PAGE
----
The scientific community is not normally associated with a strict adherence to the mistakes of the past and of tradition. After all, the very nature of the process calls on scientists to be open to new conclusions, to let go of assumptions, and to aim for true objectivity. Yet, after decades of calls for equality, gender parity continues to elude the scientific community itself. By any measure, men continue to outnumber women in science. In some areas, there seems to hope for achieving a gender balance in the near future. Yet, in others, there’s little hope of seeing anything close to equality in our lifetimes without big changes.
A University of Melbourne study earlier this year of nearly 10 million academic papers from the past 15 years found that on average, it will take another 16 years before the number of women working on these papers is equal to the number of men. While less than ideal, 16 years is a brief moment in time when it comes to deep social change. However, the real heart of the issue is buried in the disparities between the data used to reach that average. A total of 115 scientific fields were examined, and in some, such as nursing and midwifery, women actually outnumber men. And in others, such as psychology and nutrition, the numbers are roughly equal. In 87 of the fields, however, men still outnumber women, who are appreciably catching up in a few of these disciplines, such as anthropology and microbiology. Which brings us to the heart of the problem. In areas like physics, mathematics, and computer science, however, men outnumber women by a factor of six. In physics, the study estimates that it will take 258 years for women to achieve parity at the current rate of change.
Even in the fields with near-parity, women were more likely to be credited as first authors of papers, a position normally filled by a junior researcher, than as the last author, usually reserved for a senior researcher in a position of leadership.
The researchers found this was about more than a lack of female science graduates in the past, with a system just waiting to catch up. Instead, they found that women are still being paid less in these fields, are less frequently invited to give academic talks, that their work is judged more harshly than male colleagues, and that fewer women are being trained by elite laboratories.
The authors of the paper suggest changes to the academic publishing and peer review process itself to include more female editors and reviewers, and call for providing better parental leave in related jobs, guaranteeing equal resources at work, affirmative action during hiring, and other steps.
A Yale study in 2013 found that professors at six major universities were more likely to hire a male applicant with the exact same qualifications as another female applicant. And the female applicant’s salary was set an average of $4,000 lower than the male applicant.
About one-fifth of all Ph.D.’s in the US are awarded to women. In physics, which repeatedly stands out as one of the worst offenders, only 14 percent of professors are women.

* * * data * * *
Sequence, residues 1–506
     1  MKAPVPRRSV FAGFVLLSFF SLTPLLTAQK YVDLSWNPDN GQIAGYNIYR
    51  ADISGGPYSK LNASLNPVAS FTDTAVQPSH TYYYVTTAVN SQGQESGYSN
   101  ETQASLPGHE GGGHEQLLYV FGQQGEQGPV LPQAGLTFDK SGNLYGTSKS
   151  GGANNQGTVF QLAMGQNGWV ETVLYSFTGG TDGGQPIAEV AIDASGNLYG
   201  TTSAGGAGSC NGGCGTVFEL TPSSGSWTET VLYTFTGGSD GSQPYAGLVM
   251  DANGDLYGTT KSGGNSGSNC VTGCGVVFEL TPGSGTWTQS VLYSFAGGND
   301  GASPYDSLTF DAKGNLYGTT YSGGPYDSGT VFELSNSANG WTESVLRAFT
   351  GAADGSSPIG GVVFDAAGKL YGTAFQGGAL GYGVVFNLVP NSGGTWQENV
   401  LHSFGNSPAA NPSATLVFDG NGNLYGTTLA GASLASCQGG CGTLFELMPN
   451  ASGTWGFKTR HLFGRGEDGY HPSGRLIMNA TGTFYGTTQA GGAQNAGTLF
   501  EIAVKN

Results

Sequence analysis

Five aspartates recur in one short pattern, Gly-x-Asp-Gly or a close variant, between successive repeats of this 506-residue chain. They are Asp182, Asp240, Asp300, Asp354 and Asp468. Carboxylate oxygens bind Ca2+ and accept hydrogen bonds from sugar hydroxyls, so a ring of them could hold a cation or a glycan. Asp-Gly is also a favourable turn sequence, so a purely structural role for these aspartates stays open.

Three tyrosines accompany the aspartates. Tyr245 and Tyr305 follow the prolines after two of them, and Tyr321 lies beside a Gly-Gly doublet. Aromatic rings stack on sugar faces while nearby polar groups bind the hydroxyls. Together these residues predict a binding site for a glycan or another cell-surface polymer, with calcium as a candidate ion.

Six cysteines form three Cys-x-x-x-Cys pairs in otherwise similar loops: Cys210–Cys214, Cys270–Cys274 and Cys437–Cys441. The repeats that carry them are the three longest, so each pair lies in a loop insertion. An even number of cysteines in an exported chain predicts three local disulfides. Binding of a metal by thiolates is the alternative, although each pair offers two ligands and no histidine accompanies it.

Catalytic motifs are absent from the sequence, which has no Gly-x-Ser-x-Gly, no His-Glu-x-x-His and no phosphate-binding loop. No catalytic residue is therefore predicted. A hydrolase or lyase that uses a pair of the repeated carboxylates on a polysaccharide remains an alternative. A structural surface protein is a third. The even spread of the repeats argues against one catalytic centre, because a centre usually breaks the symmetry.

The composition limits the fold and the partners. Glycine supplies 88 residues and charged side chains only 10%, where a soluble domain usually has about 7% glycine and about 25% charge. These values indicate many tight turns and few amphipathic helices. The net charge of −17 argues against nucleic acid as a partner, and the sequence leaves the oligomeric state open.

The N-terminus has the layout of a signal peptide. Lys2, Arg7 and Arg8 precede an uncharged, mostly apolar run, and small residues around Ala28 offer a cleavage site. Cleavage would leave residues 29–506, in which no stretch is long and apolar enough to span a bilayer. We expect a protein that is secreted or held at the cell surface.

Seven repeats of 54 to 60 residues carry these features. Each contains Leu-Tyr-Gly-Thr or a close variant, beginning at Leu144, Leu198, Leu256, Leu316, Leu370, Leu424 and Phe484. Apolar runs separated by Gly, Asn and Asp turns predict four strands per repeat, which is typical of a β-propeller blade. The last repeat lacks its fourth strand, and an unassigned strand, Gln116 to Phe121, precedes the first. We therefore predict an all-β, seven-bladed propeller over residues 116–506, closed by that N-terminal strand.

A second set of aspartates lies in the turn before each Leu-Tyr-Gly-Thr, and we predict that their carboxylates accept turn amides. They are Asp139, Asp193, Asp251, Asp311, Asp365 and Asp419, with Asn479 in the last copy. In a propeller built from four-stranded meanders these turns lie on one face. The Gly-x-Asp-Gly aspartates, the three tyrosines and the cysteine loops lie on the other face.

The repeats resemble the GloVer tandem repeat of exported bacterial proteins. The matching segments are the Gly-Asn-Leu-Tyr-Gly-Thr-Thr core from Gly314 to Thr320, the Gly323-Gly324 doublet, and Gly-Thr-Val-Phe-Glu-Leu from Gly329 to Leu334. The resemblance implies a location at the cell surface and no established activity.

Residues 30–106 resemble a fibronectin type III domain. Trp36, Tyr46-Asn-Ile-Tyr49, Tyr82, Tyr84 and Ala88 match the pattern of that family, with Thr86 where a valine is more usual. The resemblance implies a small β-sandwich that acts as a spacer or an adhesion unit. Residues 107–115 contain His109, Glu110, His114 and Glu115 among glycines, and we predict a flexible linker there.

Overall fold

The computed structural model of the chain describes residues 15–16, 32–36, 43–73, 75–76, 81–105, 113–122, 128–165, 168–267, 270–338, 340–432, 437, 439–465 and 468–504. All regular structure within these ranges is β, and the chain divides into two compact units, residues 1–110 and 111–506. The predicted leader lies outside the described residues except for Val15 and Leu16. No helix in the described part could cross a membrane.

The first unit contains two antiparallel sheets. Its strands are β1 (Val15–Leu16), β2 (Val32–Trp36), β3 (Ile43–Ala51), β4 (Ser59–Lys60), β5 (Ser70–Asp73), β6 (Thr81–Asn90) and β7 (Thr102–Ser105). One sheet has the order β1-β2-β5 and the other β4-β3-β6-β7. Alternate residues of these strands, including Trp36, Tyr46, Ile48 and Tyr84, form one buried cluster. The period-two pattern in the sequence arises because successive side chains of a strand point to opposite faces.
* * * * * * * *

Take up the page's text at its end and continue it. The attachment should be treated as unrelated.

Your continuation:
Yet, in a study of test scores worldwide, girls perform as well or better than boys on science aptitude tests. This is just one piece among a sea of evidence suggesting innate aptitude is not the issue.
Interestingly, according to that same paper, western nations with generally higher levels of gender equality were found to have more disparity in the sciences. The authors note that in other countries, the coinciding lack of social safety net drives women to choose a direct path to financial well-being, often a STEM career. In societies with a high level of gender equality, women feel more empowered to choose whatever they enjoy and believe they are well-suited for. In all nations, according to testing, girls do better in reading than boys, “related at least in part to girls’ advantages in basic language abilities and a generally greater interest in reading; they read more and thus practice more,” according to David Geary of the University of Missouri, one of the authors of the paper. In nations with gender equality and a social safety net, women feel more empowered to pursue fields outside the sciences, according to the researchers.
The educational patterns that lead girls to feel more comfortable in these fields themselves run quite deep. One aspect of this is the lack of female role models in STEM fields. There have only ever been two female physics Nobel laureates. In addition to an undeniable layer of gender bias already discussed, the gender disparity in science fields also has a lot to do with self-selection. Girls that have less confidence in STEM subjects, as demonstrated by research, tend to avoid these fields, even in countries with a high degree of overall gender equality. If there is no difference in aptitude, this points to internalized beliefs, gender bias among the leadership, or both, as the root causes of the problem.
This suggests that eliminating stereotypes and providing role models could help eliminate structural bias on both the supply and demand side of the equation. While steps like those suggested by the authors of the University of Melbourne study are long overdue, other research suggests that educational and cultural changes may be necessary to lay the groundwork for gender parity. This kind of change tends to be measured in decades rather than years. Yet, with self-awareness and proactive steps by the scientific community, surely we can do better than 258 years.